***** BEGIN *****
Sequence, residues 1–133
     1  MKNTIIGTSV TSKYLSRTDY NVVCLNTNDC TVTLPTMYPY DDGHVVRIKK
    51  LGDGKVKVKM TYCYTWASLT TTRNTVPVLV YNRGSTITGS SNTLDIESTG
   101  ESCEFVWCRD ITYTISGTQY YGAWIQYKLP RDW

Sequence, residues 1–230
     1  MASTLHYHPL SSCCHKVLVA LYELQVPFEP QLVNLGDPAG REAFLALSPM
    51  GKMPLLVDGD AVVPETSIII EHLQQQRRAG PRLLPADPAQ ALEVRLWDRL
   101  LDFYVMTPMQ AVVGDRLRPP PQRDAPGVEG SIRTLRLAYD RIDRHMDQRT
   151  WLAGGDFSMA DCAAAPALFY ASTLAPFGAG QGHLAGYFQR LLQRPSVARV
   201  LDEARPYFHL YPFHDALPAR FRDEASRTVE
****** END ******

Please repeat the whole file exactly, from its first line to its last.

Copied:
Sequence, residues 1–133
     1  MKNTIIGTSV TSKYLSRTDY NVVCLNTNDC TVTLPTMYPY DDGHVVRIKK
    51  LGDGKVKVKM TYCYTWASLT TTRNTVPVLV YNRGSTITGS SNTLDIESTG
   101  ESCEFVWCRD ITYTISGTQY YGAWIQYKLP RDW

Sequence, residues 1–230
     1  MASTLHYHPL SSCCHKVLVA LYELQVPFEP QLVNLGDPAG REAFLALSPM
    51  GKMPLLVDGD AVVPETSIII EHLQQQRRAG PRLLPADPAQ ALEVRLWDRL
   101  LDFYVMTPMQ AVVGDRLRPP PQRDAPGVEG SIRTLRLAYD RIDRHMDQRT
   151  WLAGGDFSMA DCAAAPALFY ASTLAPFGAG QGHLAGYFQR LLQRPSVARV
   201  LDEARPYFHL YPFHDALPAR FRDEASRTVE